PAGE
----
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Fair Go: Hearing impaired man sick of wishes about his problematic hearing aid being ignored

Having the hearing problem tinnitus can be incredibly frustrating. But when you invest thousands of dollars in hearing aids to fix it – and they don’t – that’s another level of frustration altogether. Ejaz Ahmed has had to put up with both.

Ejaz has the type of tinnitus that is a whooshing or hissing sound in one of his ears. For others, it can be a constant ringing, in one or both ears. It affects about 200,000 people. Some people find it annoying but bearable, but for Ejaz it was disabling; he couldn't converse in busy places. So he sought help from technology, heading to Hear Again in Christchurch.

Hear Again suggested he invest $5500 in a new type of hearing aid called a Bicros aid. It transfers sound from the good ear to the faulty one, enabling a better all-round hearing experience. Ejaz trialled the device for three months and found it helped, so he took the plunge and made the $5500 investment.

During the trial Ejaz used disposable batteries, but these can be fiddly to insert and don't last very long, so Hear Again recommended he switch to a recharging system. With this, the aids can be placed in the system overnight to charge, ready to be worn all the next day. "It's a matter of convenience," said Steve Foster, Managing Director of Hear Again.

However, within weeks, Ejaz started to have problems. The charging was lasting only a few hours, and then dropped further to just an hour or so. He took the hearing aids back to Hear Again, and they sent them to the manufacturer Widex. Ejaz wasn't told what the problem was, but he was given brand new hearing aids, and a brand new recharging system. This was fine at first, but then the same problem occurred.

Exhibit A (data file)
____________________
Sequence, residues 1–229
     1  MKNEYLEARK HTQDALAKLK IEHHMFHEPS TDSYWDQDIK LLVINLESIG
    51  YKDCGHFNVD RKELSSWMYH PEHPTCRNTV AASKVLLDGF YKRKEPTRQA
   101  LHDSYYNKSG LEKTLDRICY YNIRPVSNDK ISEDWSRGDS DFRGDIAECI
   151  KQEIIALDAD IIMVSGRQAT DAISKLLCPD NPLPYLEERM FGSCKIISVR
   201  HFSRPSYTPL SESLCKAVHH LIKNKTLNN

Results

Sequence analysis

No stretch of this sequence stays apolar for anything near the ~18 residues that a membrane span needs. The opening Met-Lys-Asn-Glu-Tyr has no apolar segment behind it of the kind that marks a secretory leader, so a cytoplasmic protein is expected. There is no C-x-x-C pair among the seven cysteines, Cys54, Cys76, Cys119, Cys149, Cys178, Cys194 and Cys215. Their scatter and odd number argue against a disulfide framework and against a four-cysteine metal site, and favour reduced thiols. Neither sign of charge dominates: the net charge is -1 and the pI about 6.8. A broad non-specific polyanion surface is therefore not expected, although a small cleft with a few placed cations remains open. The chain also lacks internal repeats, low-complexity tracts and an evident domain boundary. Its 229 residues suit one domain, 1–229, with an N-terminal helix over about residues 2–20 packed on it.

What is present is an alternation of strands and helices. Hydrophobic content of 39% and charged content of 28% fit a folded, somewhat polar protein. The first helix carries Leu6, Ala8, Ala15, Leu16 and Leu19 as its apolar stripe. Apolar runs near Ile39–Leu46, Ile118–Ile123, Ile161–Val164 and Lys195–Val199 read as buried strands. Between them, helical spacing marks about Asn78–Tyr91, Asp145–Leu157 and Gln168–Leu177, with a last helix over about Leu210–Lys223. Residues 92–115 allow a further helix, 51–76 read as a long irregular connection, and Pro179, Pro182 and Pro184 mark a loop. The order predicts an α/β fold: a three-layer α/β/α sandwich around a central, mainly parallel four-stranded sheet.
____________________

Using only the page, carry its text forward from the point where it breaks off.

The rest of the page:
Then the terrorist attack occurred in Christchurch. Ejaz is an active member of the Muslim community and the event was horrific for him and his family. "My brother was the last one to get out of the mosque, my uncle was shot and was in hospital for three months. I lost a friend in Linwood Mosque", he explains.

To make matters worse, his wife was taken ill and needed surgery. It was a hard time for Ejaz, and dealing with the hearing aid problem fell on the back burner.

Three months later, as things began to settle, he took the hearing aids back. Again they were returned to the manufacturer, and Ejaz received texts to say that there'd been a few cases like his, but that they had been resolved with a software upgrade. A few days later, he was told that Widex, the manufacturer, had again agreed for him to receive brand new hearing aids and a new recharging system.

By this point, Ejaz had lost faith in the devices. He felt the devices weren't fit for purpose and asked for a refund.

A conversation with Steve, Hear Again's managing director took place on the phone. Steve's explanation was that there was never any problem with the hearing aids themselves. It was always the recharging system, which they now realised wasn't powerful enough to charge Bicros aids which need more charging than conventional aids. Steve added that the hearing aids were being replaced "just in case" there was a problem with them, but that the checks done by Widex suggested they were in perfect working order, if used with disposable batteries.

Steve offered Ejaz a $500 refund on the rechargeable system, plus an extended warranty, a year of free check-ups and two years' worth of disposable batteries. Ejaz appreciated the offer but he didn't want the uncertainty of hearing aids that might be faulty again. Neither party would budge. 

Ejaz then came to Fair Go, and we discussed the situation with Hear Again. Under the law, the company had done nothing wrong, but given Ejaz’s frustrating experience. Fair Go asked Hear Again to consider offering him a full refund.

It turns out Hear Again were happy to reconsider, saying first and foremost they didn't want Ejaz to give up on seeking hearing solutions elsewhere. They offered Ejaz a full refund of $6000, which was music to his ears.

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The company is fulfilling its Consumer Guarantees Act requirements, but sometimes we think it’s worth going the extra mile. Source: Fair Go